A picture of a Tulip 'Angélique'

Tulip 'Angélique'

Tulipa (11: Double Late Group) 'Angelique'

Full Sun
Easy care
Light watering
Frost Hardy


RHS hardiness


Minimum temperature

Expected size







2 years to reach maturity


  • spring
  • summer
  • autumn
  • winter

This plant has no fragrance

Tulip 'Angélique' Overview

Tulipa 'Angélique' produces double delicate pale-pink flowers which have tepals which are often tinged green. Plant bulbs three times their own depth in autumn and only water during periods of drought. They prefer full sun and free draining sites making them perfect to plant in containers ready for the following spring. Tulip 'Angélique' is classified as a division 11; Double Late. They flower late in the season with large heavy blooms and range from 46 to 56 cm (18 to 22") in height. This cultivar has earnt a Royal Horticultural Society Award of Garden Merit.

Common problems with Tulip 'Angélique'

Tulip bulbs can be eaten by squirrels and also suffer from tulip fire (rot).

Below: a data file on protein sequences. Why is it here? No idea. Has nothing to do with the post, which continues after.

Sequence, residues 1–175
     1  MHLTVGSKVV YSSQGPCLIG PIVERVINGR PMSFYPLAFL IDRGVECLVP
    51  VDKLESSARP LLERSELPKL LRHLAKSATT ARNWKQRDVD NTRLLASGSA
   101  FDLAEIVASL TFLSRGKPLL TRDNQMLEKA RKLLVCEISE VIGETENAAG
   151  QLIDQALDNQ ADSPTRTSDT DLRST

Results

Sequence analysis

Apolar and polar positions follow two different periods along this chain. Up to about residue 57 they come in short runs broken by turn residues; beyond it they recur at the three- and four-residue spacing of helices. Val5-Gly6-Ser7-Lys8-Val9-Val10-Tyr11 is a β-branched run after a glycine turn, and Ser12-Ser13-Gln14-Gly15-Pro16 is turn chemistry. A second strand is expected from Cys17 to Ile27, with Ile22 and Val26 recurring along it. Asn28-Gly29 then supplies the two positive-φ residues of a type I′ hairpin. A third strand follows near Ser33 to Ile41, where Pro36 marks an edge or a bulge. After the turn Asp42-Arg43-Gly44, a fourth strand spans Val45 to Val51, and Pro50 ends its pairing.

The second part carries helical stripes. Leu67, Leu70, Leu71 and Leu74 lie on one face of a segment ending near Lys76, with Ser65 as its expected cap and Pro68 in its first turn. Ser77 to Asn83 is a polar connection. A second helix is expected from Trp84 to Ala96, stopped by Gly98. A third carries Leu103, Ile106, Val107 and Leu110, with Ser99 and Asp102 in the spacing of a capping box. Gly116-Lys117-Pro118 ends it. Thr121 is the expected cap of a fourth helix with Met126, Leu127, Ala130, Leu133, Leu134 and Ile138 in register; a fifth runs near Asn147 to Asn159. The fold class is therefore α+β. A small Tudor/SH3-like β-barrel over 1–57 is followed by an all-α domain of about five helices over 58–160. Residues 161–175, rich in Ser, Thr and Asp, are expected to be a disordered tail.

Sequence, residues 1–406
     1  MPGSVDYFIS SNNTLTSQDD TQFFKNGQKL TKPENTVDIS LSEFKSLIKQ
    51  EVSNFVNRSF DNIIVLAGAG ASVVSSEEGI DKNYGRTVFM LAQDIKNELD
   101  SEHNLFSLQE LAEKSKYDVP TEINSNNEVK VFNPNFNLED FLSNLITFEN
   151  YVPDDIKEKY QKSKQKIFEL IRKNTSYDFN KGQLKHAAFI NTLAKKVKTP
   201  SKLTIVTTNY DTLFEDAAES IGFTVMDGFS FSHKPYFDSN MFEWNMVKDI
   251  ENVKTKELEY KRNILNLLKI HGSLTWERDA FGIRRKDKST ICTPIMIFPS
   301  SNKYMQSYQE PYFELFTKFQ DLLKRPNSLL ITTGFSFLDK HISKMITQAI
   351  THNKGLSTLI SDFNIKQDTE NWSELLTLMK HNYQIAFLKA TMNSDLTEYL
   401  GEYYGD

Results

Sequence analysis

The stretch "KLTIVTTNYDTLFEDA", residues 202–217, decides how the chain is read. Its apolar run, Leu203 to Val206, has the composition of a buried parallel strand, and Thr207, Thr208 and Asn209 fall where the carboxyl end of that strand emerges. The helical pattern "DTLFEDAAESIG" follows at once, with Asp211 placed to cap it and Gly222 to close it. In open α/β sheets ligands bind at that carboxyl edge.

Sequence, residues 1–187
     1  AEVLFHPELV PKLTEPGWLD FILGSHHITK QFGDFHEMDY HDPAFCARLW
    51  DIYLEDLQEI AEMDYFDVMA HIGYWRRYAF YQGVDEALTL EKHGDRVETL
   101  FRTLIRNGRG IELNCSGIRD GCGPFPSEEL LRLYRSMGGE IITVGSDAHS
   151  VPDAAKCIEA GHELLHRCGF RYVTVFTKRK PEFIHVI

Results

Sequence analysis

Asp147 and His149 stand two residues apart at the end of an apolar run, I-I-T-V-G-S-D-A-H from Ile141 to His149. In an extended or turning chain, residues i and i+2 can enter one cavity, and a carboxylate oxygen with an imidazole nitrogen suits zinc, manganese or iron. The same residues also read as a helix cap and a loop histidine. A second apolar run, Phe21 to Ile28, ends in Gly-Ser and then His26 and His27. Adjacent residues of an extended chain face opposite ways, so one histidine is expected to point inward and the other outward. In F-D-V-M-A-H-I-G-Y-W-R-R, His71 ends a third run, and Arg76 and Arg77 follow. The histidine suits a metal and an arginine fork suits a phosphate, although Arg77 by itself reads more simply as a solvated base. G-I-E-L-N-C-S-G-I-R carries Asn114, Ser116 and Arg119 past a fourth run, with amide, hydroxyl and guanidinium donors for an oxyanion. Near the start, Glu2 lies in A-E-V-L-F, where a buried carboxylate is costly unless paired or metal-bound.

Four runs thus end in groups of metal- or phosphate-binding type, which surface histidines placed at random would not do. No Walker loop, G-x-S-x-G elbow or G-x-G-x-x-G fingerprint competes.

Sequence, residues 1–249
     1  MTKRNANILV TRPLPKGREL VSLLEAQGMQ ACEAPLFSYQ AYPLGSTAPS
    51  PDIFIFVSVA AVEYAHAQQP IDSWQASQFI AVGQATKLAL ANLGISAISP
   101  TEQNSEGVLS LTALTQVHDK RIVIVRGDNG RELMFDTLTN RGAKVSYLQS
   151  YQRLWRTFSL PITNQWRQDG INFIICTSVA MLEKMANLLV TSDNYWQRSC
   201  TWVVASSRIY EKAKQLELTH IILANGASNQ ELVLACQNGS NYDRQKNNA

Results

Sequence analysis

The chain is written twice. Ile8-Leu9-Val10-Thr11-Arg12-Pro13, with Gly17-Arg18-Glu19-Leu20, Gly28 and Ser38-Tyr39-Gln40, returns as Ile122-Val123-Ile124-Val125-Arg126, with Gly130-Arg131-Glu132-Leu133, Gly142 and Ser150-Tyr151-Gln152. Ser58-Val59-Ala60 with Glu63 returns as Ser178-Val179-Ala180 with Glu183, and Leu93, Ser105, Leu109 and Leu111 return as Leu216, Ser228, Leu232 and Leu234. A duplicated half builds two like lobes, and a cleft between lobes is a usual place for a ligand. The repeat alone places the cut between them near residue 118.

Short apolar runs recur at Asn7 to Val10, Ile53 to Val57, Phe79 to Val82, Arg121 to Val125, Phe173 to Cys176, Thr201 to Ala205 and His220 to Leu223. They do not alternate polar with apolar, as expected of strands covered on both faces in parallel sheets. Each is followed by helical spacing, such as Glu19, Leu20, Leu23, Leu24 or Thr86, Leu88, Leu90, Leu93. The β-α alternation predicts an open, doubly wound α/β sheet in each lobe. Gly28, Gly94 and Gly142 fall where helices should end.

How to harvest Tulip 'Angélique'

Generally not harvested but flowers are cut for floral arrangements.

How to propagate Tulip 'Angélique'


Divide bulbs when dormant. A new small bulblet will take three years to develop into a flowering bulb.


Lift and divide bulbs during the summer dormancy.


Many hybrids have been developed by crossing special traits - sow seed in Autumn and keep moist.

Special features of Tulip 'Angélique'

Attractive flowers

Attracts bees

Bees are attracted to the flowers.

Drought resistant

Survive dry summers in bulb form.

Indoor plant

Can be grown indoors, place in high light areas but limit direct sunlight to early mornings.

Pot plant

Tulips make beautiful potted flowers. Plant in well draining potting medium in enough sunlight to promote flowering. Plant close together for a stunning show.

Other uses of Tulip 'Angélique'

This easy bulb can be planted in containers for spring displays or scattered through borders for a naturized look. It's elegant appearance can provide architectural in urban courtyard gardens as well as bank or slopes of informal gardens.


Grown for their colourful flowers.


Grown commercially for the cut flower industry.